Historical linguists, who document and study language change, have long noticed that language changes have a sneaky quality, starting small and unobtrusive and then gradually conquering more ground, a process termed 'actualization'. De Smet's study investigates how actualization proceeds by tracking and comparing different language changes, using large collections of digitized historical texts. This way, it is shown that any actualization process consists of a series of smaller changes with each new change building on and following from the previous ones, each time making only a minimal adjustment. A crucial role in this is played by similarity.
Family

Fathers who sleep closer to children have lower testosterone levels

 father sleeping  with children
© INMAGINE
Closer sleeping proximity between fathers and children is associated with a greater decrease in the father's testosterone level, with possible implications for parenting behavior.

The full report is published Sep. 5 in the open access journal PLoS ONE.

Fathers' testosterone levels have been associated with parenting behavior and involvement across species, with higher levels generally associated with lower parental involvement. The authors of the current study, led by Lee Gettler of the University of Notre Dame, studied 362 fathers in the Philippines to determine whether their sleeping arrangements - either sleeping on the same surface as their children, in the same room, or separately - were related to their testosterone levels.
Bulb

Expressing Your Emotions Can Reduce Fear

© Katharina Kircanski, Matthew Lieberman, Michelle Craske
A tarantula. Subjects in the study were told to walk close to it, and touch it, if they could.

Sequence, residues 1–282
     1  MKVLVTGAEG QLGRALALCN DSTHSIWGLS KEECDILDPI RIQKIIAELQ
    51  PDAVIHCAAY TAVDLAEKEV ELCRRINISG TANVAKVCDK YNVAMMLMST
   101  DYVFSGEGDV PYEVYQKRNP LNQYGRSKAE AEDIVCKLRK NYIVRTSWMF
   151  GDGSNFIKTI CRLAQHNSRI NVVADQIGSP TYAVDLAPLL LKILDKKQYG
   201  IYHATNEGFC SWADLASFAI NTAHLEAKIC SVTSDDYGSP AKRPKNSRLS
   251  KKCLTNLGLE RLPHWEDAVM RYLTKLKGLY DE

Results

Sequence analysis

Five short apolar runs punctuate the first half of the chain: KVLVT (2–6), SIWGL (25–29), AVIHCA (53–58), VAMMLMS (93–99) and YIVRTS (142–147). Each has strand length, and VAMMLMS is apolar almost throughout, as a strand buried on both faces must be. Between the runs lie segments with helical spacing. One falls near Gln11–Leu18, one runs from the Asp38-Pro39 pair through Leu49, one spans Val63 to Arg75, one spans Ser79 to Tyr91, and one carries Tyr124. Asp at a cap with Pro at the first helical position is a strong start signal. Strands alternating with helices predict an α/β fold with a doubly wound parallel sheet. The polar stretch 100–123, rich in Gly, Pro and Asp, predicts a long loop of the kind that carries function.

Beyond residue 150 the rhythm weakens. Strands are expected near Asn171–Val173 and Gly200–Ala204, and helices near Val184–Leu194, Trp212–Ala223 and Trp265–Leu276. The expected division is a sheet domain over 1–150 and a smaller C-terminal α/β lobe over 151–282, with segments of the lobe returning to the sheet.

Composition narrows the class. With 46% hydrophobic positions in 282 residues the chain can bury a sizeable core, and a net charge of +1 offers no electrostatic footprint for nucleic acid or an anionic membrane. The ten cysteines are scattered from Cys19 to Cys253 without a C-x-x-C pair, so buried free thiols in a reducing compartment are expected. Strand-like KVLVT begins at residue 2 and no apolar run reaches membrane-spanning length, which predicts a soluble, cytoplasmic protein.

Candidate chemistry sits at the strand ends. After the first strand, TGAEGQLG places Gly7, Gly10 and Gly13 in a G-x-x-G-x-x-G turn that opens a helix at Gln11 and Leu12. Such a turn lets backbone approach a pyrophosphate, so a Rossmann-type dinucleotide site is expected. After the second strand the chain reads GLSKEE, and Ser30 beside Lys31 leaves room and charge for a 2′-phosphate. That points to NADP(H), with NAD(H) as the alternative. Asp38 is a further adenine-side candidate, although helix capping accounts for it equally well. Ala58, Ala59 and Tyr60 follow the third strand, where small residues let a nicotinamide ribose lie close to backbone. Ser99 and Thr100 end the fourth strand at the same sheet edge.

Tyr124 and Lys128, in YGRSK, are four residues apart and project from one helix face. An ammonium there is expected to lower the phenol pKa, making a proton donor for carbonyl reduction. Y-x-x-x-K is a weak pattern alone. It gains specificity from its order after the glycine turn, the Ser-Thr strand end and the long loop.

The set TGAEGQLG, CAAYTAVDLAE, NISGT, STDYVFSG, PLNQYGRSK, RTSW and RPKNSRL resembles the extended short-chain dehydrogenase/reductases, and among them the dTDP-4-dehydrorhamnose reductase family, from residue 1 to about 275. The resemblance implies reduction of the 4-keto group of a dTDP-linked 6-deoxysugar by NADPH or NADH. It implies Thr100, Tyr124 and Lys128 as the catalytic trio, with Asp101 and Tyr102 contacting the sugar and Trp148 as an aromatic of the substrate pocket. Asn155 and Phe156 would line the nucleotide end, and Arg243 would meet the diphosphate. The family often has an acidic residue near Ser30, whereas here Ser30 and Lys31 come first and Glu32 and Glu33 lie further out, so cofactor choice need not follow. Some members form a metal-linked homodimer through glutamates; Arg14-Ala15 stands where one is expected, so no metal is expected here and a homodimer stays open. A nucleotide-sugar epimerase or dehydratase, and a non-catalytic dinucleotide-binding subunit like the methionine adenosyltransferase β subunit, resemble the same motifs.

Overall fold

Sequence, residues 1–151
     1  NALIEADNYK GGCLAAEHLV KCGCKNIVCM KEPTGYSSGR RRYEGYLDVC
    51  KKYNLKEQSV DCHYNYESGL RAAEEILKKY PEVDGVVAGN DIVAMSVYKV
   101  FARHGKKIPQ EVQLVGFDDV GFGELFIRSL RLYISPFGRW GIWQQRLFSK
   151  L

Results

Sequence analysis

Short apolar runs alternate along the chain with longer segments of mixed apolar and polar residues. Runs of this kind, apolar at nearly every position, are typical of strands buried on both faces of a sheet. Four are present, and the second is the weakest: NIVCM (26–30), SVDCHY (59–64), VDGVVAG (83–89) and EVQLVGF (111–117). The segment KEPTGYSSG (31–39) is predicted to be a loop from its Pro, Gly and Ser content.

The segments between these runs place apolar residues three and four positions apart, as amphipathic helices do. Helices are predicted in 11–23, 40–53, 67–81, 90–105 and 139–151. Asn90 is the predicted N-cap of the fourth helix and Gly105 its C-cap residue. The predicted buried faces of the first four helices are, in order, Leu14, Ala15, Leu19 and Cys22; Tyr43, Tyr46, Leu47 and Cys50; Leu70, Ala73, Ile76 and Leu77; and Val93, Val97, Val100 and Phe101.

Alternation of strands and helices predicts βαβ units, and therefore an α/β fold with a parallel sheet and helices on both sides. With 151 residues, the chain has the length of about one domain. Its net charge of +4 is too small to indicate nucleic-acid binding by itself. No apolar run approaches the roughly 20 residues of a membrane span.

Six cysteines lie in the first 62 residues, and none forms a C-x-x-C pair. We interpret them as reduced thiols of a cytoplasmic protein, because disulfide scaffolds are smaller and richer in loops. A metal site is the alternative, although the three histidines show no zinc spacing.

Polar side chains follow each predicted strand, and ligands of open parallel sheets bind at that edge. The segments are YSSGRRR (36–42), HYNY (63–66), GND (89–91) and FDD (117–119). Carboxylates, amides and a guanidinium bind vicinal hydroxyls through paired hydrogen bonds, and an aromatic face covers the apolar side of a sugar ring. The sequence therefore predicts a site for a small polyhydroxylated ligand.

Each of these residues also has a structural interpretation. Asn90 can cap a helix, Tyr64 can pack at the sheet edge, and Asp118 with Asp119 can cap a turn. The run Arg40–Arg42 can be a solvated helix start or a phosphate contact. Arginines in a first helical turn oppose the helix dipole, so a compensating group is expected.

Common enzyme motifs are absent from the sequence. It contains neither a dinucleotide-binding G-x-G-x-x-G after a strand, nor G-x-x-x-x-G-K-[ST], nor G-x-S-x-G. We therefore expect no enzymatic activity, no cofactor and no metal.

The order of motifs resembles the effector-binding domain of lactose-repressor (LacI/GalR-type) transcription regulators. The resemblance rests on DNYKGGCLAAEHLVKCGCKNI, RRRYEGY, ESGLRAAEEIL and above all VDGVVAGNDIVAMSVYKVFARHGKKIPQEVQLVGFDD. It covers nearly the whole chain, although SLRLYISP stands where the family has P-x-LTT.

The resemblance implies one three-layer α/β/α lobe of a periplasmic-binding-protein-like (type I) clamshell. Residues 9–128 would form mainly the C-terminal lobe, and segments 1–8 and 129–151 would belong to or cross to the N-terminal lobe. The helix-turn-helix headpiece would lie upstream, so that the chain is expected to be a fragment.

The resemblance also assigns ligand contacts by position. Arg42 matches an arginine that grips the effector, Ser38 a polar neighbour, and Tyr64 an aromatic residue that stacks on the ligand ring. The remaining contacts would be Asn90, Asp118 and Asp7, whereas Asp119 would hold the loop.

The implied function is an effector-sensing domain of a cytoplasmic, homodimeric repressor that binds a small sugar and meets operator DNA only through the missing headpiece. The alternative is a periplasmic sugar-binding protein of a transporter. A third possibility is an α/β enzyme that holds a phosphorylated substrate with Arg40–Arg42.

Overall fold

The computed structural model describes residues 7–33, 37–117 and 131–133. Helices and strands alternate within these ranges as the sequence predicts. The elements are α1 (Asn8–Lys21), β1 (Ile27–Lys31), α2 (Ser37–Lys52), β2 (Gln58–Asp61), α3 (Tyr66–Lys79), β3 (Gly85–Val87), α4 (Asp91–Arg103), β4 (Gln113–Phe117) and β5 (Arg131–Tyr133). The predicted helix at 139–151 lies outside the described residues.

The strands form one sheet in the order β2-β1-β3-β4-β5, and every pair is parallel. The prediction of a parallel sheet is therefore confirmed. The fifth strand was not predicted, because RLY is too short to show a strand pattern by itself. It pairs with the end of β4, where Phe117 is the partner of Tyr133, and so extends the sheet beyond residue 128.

"Give sorrow words." -- Malcolm in Shakespeare's "Macbeth"

Can simply describing your feelings at stressful times make you less afraid and less anxious?

A new UCLA psychology study suggests that labeling your emotions at the precise moment you are confronting what you fear can indeed have that effect.
The psychologists asked 88 people with a fear of spiders to approach a large, live tarantula in an open container outdoors. The participants were told to walk closer and closer to the spider and eventually touch it if they could.

The subjects were then divided into four groups and sat in front of another tarantula in a container in an indoor setting. In the first group, the subjects were asked to describe the emotions they were experiencing and to label their reactions to the tarantula -- saying, for example, "I'm anxious and frightened by the ugly, terrifying spider."

"This is unique because it differs from typical procedures in which the goal is to have people think differently about the experience -- to change their emotional experience or change the way they think about it so that it doesn't make them anxious," said Michelle Craske, a professor of psychology at UCLA and the senior author of the study. "Here, there was no attempt to change their experience, just to state what they were experiencing."
Better Earth

10 Signs That You're Fully Awake

Isn't it obvious that there is a significant global awakening happening? Just as the Mayans predicted so many years ago, the apocalypse would become apparent in 2012. But many misinterpret the apocalypse to be the end of the world, when in fact it actually means an "un-covering, a revelation of something hidden."